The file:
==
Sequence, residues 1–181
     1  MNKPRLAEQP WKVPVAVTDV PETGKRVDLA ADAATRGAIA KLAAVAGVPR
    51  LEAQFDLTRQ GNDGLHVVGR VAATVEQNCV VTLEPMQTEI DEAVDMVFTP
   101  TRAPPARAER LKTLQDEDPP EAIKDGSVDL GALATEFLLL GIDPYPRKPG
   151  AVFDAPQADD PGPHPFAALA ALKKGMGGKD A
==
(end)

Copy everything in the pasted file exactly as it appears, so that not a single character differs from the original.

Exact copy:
Sequence, residues 1–181
     1  MNKPRLAEQP WKVPVAVTDV PETGKRVDLA ADAATRGAIA KLAAVAGVPR
    51  LEAQFDLTRQ GNDGLHVVGR VAATVEQNCV VTLEPMQTEI DEAVDMVFTP
   101  TRAPPARAER LKTLQDEDPP EAIKDGSVDL GALATEFLLL GIDPYPRKPG
   151  AVFDAPQADD PGPHPFAALA ALKKGMGGKD A